Particular benefits: supplies and services provided other than on the employer's premises: employer subscribes for telephone line in the employee's home
Section 316 ITEPA 2003
Some benefits that are work related supplies and services, provided other than on the employer’s premises, are exempt from tax (see EIM21611). This exemption will apply to a telephone line in the employee’s home, for which the employer is the subscriber, if:
- there is a clear business need for the employer to provide the employee with a telephone, for instance if making and receiving telephone calls from the home are vital and central parts of the employee’s duties
- the employer has procedures to monitor, control and minimise the cost to him of private use
- the employer has no intention of rewarding the employee
The employer may control and minimise the cost to him of private use by either:
- recovering from the employee the cost of private calls or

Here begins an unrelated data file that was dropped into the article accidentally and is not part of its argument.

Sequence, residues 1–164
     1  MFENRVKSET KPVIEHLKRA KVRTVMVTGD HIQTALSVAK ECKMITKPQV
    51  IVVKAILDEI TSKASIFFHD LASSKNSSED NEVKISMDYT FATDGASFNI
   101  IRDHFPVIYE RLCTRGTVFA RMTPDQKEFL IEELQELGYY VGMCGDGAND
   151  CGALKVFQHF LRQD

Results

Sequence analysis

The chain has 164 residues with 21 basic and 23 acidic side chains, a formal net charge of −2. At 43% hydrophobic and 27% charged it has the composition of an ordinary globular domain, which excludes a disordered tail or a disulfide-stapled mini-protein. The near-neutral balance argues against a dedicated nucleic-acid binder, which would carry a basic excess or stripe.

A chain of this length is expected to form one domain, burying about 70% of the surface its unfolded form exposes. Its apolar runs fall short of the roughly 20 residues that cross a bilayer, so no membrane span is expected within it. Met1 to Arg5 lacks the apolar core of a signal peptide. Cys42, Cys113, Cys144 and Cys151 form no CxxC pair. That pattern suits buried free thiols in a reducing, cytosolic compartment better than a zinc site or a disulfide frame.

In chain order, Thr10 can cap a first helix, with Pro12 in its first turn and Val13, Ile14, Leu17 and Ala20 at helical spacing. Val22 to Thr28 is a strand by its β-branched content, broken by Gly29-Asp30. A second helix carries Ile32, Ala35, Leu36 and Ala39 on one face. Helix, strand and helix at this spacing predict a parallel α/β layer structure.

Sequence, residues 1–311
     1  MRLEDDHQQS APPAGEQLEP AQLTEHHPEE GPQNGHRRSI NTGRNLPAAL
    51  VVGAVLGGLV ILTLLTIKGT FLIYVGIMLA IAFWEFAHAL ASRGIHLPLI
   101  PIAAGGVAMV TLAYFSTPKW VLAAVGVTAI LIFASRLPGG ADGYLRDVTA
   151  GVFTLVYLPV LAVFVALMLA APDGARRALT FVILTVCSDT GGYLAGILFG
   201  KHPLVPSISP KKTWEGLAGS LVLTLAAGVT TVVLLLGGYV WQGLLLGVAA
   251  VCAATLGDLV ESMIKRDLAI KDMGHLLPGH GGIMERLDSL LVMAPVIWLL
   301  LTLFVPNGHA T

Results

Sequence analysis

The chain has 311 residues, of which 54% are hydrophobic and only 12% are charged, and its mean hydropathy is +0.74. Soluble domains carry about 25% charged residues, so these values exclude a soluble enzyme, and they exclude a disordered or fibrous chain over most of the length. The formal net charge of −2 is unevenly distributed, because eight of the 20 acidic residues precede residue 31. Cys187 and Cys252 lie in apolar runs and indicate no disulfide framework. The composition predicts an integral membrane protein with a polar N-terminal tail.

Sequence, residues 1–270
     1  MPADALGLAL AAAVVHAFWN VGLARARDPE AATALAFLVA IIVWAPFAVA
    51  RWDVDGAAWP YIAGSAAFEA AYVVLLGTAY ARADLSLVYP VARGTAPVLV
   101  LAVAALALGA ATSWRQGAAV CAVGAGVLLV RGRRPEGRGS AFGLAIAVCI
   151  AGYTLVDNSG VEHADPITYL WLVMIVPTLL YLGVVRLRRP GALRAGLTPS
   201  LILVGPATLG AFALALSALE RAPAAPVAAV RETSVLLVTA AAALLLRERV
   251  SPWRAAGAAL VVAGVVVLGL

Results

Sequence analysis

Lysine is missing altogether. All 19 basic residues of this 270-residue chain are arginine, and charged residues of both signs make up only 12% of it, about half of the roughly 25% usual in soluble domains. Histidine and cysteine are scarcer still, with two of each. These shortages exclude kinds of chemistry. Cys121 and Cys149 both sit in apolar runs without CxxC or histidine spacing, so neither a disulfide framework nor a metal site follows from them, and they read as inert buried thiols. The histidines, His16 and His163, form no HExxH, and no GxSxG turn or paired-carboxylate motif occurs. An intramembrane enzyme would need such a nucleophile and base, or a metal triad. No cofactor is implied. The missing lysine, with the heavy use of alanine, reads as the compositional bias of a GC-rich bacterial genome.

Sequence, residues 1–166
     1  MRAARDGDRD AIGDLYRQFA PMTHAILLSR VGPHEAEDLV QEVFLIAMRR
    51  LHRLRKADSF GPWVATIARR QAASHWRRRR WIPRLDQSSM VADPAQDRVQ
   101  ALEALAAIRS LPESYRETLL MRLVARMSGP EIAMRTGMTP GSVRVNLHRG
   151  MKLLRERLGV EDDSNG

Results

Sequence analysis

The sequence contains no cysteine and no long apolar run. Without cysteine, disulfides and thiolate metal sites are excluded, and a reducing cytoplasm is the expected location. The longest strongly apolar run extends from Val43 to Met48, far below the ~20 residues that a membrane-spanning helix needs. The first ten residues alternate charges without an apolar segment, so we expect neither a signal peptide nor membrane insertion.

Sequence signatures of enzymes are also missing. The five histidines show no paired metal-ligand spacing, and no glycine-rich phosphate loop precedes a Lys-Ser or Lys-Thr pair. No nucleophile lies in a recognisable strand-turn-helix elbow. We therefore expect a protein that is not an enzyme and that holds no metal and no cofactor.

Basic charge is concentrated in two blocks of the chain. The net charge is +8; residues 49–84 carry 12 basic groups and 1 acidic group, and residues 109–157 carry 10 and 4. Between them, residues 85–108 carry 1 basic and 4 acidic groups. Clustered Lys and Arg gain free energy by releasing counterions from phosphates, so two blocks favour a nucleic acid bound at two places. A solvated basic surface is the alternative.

- ensuring that the cost of any private calls is kept to a minimum, for instance only allowing the employee to make local or off peak calls in clearly defined circumstances
If the first bullet applies only the benefit of the telephone line will be exempt under section 316 ITEPA 2003. The benefit of the calls, both business and private will not be exempt, although the amount the employee makes good (see EIM21120) in respect of the private calls will reduce the cash equivalent of the benefit (see EIM21101) and the employee may claim a deduction for calls made in the performance of his duties. Alternatively, if the business calls are covered by a dispensation (see EIM30051 or EIM30200 for 2016 to 2017 onwards) and the full cost of private calls is made good by the employee, there is no need to report a benefit on form P11D or to claim a deduction.
If the second bullet applies both the line and the calls may be exempt if the cost of private calls is not significant compared to the total costs of the line and calls.
See EIM21616 for examples of employments where the benefit of a telephone line is likely to be exempt under section 316.